HJ: His name was Ged Parker or Gerard Parker, and he was born the day before me on February 8th. My birthday is February 9th, and we were very close friends from about the age of eighteen and when I first met him in Eric’s Club. I guess you could say that i was in love with Ged. We had a friendship that was at times intimate but then it became just a platonic friendship.

During the 1980s I lost a lot of friends, Ged being closer than anyone else to me. He appeared to me in a dream one night after he died, and put his arms around me and said, “Everything is going to be alright,” so that is what that song is about. It is quite an intimate song.

PB: Did you lose all these friends to AIDS?

HJ: Some died of other things as well, overdoses or whatever, but, yeah, that definitely happened to a lot of my extended family.

PB: Brian Nash described the Frankie Goes To Hollywood era to us, as to quote him, as being “like going to a party in 1984 and coming home in 1987.” Do you remember it that way or with so many of your friends becoming ill and dying do you have a different take on it?

HJ: I can’t really comment on what other people have got to say as I obviously wasn’t them, but I had done most of my partying before Frankie Goes To Hollywood. Some people had to get up in the morning to do a radio interview or breakfast television or whatever, so it wasn’t a party for me. It was work for a lot of it.

PB: You were also one of the first big stars to be open about being gay in the 1980s and then again about having HIV in the early 1990s. Do you think that it would have been so easy to come out if you had been on a major label rather than an independent label?

HJ: I was always open about my sexuality long before I signed to any label. It didn’t ever occur to me to be otherwise. That was just who I was. It is possible should I have been signed to another label that I would have been advised by PRs to be otherwise, but I can’t really say because I wasn’t really.

I do remember one thing in relation to this though. MCA did some sort of market research on me during the ‘Blast!’ campaign (Laughs). I thought that was quite an odd thing to do, and one of the questions they asked people was about my sexuality. They did tell me at one point during that campaign that people didn’t like it if you talked about it too much (Laughs). I don’t think that I ever talked about it too much. I never beat people over the head with it. I think that was their way of saying that they wanted me do was to brush it under the carpet.

I think that does go on. I don’t really want to name names but there were several artists during the 80s who were signed to major labels and in the closet. You may have a valid point. MCA was the only major-ish label that I was signed to.

PB: The 80s in particular were still fairly homophobic times. The other side of that is, however, by just being what you were a lot of people who were uncertain about things perhaps were as a result a lot more comfortable about asserting their sexuality.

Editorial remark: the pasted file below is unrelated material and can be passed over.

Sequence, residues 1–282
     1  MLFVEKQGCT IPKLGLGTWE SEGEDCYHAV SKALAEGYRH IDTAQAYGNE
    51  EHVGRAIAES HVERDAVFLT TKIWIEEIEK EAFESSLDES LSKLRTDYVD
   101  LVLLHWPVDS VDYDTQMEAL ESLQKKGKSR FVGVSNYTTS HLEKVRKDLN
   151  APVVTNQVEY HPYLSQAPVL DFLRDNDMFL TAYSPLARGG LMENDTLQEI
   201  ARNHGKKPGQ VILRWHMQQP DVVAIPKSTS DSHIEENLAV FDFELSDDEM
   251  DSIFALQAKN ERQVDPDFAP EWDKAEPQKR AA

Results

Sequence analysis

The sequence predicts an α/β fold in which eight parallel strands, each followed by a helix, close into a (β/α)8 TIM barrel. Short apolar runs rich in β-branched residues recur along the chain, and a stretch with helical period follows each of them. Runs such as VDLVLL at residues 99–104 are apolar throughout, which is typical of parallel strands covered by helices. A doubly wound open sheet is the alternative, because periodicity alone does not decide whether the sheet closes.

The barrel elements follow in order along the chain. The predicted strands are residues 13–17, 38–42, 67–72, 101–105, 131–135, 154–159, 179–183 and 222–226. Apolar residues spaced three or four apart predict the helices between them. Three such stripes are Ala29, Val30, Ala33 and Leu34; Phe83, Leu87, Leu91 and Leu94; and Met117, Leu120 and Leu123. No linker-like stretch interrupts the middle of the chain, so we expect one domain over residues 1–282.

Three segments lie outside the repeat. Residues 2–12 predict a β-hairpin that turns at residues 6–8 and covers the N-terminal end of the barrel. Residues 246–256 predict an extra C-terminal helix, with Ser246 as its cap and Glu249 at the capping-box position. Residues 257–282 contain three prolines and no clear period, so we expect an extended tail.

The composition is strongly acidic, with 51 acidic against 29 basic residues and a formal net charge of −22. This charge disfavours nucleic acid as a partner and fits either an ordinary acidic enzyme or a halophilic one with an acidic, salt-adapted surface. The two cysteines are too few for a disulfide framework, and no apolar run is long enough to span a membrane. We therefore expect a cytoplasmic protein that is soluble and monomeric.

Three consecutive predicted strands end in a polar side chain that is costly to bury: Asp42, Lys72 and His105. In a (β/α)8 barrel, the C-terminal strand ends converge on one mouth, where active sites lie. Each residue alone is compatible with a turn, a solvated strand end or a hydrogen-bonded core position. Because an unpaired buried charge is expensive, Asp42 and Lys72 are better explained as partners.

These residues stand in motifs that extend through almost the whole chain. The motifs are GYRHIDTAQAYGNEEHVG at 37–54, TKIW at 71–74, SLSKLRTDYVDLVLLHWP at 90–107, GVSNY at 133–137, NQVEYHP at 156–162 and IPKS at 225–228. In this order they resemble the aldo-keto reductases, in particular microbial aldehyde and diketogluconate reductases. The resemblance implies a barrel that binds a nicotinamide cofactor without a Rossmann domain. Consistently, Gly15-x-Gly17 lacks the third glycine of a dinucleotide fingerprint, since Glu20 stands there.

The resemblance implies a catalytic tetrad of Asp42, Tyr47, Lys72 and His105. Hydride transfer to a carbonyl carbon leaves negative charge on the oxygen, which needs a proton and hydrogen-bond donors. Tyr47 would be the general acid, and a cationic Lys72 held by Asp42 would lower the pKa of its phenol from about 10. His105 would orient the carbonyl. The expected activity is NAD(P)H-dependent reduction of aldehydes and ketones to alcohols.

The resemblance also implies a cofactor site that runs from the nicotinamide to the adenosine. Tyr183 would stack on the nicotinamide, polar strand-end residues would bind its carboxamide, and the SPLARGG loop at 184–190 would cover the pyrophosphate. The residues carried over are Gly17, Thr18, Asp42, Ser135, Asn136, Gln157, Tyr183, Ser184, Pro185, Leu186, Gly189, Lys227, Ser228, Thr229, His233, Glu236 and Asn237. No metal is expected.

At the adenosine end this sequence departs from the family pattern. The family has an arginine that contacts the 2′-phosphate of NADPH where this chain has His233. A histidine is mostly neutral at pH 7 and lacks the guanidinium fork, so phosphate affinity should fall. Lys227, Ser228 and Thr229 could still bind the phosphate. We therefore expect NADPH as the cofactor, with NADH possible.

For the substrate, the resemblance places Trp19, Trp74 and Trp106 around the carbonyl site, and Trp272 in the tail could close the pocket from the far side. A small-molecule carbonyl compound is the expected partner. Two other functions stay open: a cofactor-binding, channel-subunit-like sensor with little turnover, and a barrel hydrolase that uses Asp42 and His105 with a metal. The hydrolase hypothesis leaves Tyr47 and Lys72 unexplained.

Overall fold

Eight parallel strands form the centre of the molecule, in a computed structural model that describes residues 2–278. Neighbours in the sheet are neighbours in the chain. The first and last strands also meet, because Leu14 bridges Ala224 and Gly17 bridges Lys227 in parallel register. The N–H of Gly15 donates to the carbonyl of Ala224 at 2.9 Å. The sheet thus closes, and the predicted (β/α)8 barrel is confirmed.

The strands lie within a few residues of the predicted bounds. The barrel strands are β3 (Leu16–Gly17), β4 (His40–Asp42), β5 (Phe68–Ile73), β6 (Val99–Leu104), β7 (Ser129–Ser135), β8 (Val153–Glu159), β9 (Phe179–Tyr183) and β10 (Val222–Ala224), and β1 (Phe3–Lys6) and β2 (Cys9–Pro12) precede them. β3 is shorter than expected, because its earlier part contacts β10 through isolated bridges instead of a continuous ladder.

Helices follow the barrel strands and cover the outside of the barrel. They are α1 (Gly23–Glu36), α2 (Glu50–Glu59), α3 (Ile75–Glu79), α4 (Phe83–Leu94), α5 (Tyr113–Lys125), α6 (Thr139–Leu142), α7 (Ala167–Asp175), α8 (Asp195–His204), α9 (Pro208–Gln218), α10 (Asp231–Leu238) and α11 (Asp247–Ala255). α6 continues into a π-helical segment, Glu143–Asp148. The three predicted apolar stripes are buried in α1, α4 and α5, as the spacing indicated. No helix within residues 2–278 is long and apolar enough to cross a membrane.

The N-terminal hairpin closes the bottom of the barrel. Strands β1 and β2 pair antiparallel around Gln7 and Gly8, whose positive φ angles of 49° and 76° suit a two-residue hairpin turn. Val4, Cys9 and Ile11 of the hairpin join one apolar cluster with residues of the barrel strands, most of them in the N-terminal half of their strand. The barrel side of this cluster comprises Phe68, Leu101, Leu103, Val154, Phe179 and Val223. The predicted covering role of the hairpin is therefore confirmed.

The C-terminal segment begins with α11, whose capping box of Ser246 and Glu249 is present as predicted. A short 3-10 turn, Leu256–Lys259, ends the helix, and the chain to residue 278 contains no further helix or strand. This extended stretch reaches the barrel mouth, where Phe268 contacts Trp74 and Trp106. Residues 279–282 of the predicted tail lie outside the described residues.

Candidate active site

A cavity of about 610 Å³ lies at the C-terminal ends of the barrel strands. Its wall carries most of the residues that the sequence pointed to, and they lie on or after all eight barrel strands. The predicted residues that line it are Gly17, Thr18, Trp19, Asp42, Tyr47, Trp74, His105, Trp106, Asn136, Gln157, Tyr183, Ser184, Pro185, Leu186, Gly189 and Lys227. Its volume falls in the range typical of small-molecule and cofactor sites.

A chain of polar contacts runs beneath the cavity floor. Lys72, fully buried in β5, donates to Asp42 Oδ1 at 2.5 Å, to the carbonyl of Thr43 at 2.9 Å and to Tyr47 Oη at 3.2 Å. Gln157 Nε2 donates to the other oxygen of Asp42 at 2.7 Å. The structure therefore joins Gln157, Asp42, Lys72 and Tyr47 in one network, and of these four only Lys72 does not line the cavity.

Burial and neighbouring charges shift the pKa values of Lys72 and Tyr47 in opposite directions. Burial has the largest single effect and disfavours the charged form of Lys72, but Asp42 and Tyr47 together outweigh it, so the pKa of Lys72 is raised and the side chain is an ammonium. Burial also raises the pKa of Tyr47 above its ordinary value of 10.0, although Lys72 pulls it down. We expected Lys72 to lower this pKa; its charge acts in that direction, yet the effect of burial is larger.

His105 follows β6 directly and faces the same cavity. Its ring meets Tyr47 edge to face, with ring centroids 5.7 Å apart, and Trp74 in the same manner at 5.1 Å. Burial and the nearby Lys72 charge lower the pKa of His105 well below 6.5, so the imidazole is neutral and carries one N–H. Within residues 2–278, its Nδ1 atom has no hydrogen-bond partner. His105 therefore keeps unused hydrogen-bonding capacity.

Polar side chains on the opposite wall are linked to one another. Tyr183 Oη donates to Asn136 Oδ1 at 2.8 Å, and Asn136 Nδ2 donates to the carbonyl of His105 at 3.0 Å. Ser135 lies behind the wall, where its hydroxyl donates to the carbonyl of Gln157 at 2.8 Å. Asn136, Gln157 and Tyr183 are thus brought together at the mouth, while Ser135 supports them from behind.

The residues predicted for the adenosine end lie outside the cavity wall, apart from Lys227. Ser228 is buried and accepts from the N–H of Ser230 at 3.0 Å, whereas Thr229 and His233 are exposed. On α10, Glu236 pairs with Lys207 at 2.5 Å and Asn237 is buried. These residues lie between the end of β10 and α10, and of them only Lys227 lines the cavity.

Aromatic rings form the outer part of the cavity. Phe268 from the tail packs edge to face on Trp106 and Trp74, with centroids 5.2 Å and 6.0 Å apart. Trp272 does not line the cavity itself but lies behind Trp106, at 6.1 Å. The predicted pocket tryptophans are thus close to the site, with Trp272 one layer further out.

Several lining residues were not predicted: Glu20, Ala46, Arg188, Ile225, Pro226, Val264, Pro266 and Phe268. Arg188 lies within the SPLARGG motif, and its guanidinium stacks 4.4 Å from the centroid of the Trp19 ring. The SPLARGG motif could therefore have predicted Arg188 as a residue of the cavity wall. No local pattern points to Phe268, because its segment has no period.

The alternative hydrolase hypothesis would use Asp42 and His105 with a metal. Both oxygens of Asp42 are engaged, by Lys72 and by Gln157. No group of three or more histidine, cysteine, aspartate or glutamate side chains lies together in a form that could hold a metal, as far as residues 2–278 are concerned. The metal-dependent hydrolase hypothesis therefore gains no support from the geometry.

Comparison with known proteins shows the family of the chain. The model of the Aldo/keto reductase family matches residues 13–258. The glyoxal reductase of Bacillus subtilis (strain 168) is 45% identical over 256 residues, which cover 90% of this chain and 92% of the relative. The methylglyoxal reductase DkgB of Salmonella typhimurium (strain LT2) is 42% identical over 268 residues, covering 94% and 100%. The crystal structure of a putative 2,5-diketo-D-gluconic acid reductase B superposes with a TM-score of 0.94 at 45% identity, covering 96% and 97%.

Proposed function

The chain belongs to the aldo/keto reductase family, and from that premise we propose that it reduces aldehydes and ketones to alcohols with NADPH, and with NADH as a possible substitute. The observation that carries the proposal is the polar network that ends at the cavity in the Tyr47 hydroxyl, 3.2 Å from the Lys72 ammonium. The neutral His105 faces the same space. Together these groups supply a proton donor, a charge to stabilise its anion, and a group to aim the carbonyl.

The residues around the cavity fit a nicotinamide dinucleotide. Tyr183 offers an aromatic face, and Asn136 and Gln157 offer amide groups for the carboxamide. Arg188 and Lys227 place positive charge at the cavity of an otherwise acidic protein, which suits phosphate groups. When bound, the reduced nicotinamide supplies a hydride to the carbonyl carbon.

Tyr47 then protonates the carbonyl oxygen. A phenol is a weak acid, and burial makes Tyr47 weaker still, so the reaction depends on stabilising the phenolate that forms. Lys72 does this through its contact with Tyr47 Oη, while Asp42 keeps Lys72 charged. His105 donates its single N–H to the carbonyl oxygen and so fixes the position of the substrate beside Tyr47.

HJ: I do get letters from people saying exactly that. “You made me feel that it was alright.” Although to be honest with you, I wasn’t walking around with that thought in my head. “I am making it alright for generations” (Laughs). I was just being a mouthy Scouser from Liverpool.

PB: You have got your first major tour coming up rather than one-off dates since Frankie Goes To Hollywood days. What can fans expect from that?

HJ: Well, it is not that major. It is four dates. It is major for me though (Laughs). I have said that I would perform songs from my entire background, so that includes Frankie Goes To Hollywood and my Holly Johnson back catalogue also, so the ‘Hits and More’ is perhaps a way of putting it.

PB: And finally what are you going to be doing after that? What are you plans for the future?

HJ: God knows (Laughs). I know that I have got another single coming in and that I am going to Germany in December to do some dates, so in my head I have planned that I will be quite busy up until Christmas. Then I am going to take a break then and take stock and see how I feel at that point.

It all depends on if the album and the shows are successful and if people feel good about it. I find the music business is quite a difficult industry to navigate. I have always found it a struggle, and I don’t like to count my chickens before they are hatched.

I would like to make more records and I would like just to continue to perform, but you just have to wait and see if a strong wind takes your sails and blows you along really. I have been in the doldrums before and I know what that it like. I will make every effort not to end up there again, but you just don’t know really.

PB: Thank you.


Holly Johnson will be at The Library Institute in Birmingham on October 19th, The Auditorium in Manchester on October 22nd, The Academy 2 in Manchester on October 25th and KOKO in London on October 28th. More information can be found at www.hollyjohnson.com.